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You know a trail’s steep when you feel compelled to get on your hands and knees to peer down it. The ski run that’s plummeting virtually 90 degrees from the tip of my chin fits that description. Not that such a detail should stop anyone from skiing it.
“Oh yeah, Heather’s nailed that one,” says Matt Szundy, our guide. Heather is his wife-and our other guide on today’s glacier hike atop Mount Alyeska. The trail is Christmas Chute, but she won’t be conquering it today. It’s mid-July, and the gully is as bare as the moon, with tufts of grass visible from my perch. “It doesn’t look as scary when there’s snow,” Heather offers, though I find it hard to believe that snow would actually stick to it.
“Despite its very formidable ski mountain, Alyeska’s season in the sun (literally-there are 24 hours of daylight in June; 21 in July) is summer. The resort is located on the Kenai Peninsula, a 300-mile thumb of land extending from Anchorage to Homer that’s a microcosm of Alaska, boasting forests, mountains and glaciers. Cruising on Prince William Sound is unforgettable, while moose and bear sightings are common in and around Girdwood, the rustic town at the base of Mount Alyeska. The toughest part of any visit is knowing when to slow down. Here’s a tip: Don’t wait for the sun to set.
“The Szundys, Girdwood locals and owners of the Ascending Path guide service, lead hikes on the Alyeska glacier daily from June through September. After a seven-minute ride up the tram, it’s a 50-minute hike to get to the edge of the glacier, where we strap on crampons and set out across the blue-tinged ice. Matt and Heather, who spend winters studying the unforgiving Antarctic environment at McMurdo Air Force Base, point out hanging glaciers and lead us into an eight-foot-deep ice cave. From the crest of the glacier, Matt identifies the six others that compose Girdwood Bowl before we head back to the tram.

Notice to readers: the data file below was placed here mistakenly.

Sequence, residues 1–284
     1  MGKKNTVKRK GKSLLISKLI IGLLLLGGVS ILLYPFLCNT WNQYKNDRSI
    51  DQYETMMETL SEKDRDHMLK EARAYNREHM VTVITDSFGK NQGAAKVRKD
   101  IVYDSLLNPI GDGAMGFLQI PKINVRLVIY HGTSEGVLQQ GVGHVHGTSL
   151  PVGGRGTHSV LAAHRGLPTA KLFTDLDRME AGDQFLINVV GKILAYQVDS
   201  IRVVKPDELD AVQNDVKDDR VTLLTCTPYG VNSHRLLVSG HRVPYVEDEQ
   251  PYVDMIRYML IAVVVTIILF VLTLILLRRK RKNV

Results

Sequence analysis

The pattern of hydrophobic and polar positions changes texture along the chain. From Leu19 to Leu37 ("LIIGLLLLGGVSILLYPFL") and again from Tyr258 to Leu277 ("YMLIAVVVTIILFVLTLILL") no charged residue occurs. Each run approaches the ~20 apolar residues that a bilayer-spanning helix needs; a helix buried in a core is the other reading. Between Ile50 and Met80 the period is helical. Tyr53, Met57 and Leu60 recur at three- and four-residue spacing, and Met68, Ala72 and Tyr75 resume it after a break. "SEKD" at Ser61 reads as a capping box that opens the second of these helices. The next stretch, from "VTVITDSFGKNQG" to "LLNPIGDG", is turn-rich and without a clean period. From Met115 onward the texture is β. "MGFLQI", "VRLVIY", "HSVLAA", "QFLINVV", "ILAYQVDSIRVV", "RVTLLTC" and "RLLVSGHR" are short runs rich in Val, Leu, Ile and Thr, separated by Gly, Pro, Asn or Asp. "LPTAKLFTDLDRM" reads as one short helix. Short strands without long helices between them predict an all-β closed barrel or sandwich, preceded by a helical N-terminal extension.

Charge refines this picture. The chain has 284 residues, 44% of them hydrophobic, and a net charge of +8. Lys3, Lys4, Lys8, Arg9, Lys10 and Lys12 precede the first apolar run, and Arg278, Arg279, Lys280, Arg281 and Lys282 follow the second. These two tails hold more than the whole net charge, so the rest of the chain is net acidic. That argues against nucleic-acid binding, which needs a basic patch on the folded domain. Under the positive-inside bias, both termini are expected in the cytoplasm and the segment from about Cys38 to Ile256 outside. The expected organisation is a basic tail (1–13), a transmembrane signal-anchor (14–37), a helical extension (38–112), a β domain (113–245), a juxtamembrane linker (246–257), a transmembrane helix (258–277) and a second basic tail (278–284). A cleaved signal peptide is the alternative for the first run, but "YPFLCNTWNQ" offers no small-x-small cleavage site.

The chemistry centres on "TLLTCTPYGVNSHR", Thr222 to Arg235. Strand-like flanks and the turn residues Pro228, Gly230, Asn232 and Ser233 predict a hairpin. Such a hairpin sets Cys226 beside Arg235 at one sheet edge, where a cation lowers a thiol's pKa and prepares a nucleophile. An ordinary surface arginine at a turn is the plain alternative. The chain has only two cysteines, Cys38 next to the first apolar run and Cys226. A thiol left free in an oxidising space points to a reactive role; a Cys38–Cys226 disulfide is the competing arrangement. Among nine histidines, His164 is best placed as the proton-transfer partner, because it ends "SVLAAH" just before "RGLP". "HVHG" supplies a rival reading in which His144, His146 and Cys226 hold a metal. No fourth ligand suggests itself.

“Alyeska, Alaska’s biggest ski resort, is at home in a state known for its large scale. Everything here is big, from the mountain’s vertical rise (2,500 feet) and annual snowfall (630 inches) to the stilt-legged moose that saunter through town.
“But it’s the central location that attracts summer adventurers to Girdwood. Using the town as a base camp, I set out to conquer the Kenai by way of the scenic Seward Highway, which winds out of Anchorage, hits Girdwood and heads south to Prince William Sound and the port town of Whittier.
Whittier, population 300, is run-down and gray-an unlikely attraction. Yet it plays a quirky part in Alaska’s history. When Japan invaded the Aleutian Islands (off the west coast of Alaska) in World War II, Whittier was conjured as a top-secret base ensconced in the mountains. Crews blasted a two-and-a-half-mile tunnel through the rock-the only access to the base. And today, the sole passage to glacier-rimmed Prince William Sound.
The Sound opens up like a clearing sky as I pop out of the mouth of the tunnel. Ships are docked everywhere: fishing boats, cargo ships, sightseeing boats, cruise ships. One of those sightseeing boats is my front-row seat to calving glaciers, breaching whales and icebergs the size of houses.
“Plying the waters from Whittier’s cove, we watch salmon boats gearing up for the day. Kayakers resemble toys bobbing in bathwater as they follow the coast south to Homer. Yet aside from the sea life and beautiful shoreline, nature’s resiliency is the star of the show. In 1989, the Exxon Valdez ran aground on Bligh Reef, sending 11 million gallons of oil in a blanket over 460 miles, killing thousands of animals and coating beaches in black goo.
There’s little sign of that now, though oil lingers in about 20 acres of shoreline along Prince William Sound’s coast. We chug closer to the glaciers, where ice cascades down like crystalline lava flows. At sea level, towers of blue ice shoot up out of the water like a skyscraper city. Every once in a while, a crackling sound echhoes over the water, a glacier calves, and another iceberg is sent out to roam the sea.
It’s past 9 p.m. by the time I sit down to dinner at Seven Glaciers restaurant atop the Alyeska Tram. The sun still hasn’t set-the sky is as pink as the salmon on my plate. From the restaurant’s panoramic windows, I can make out Mount Denali’s silhouette rising 20,000 feet over the Alaska Range to the west. When the sun finally slips behind it, there’ll be only a couple hours of darkness before the cycle begins again. Sleep? Not on this vacation.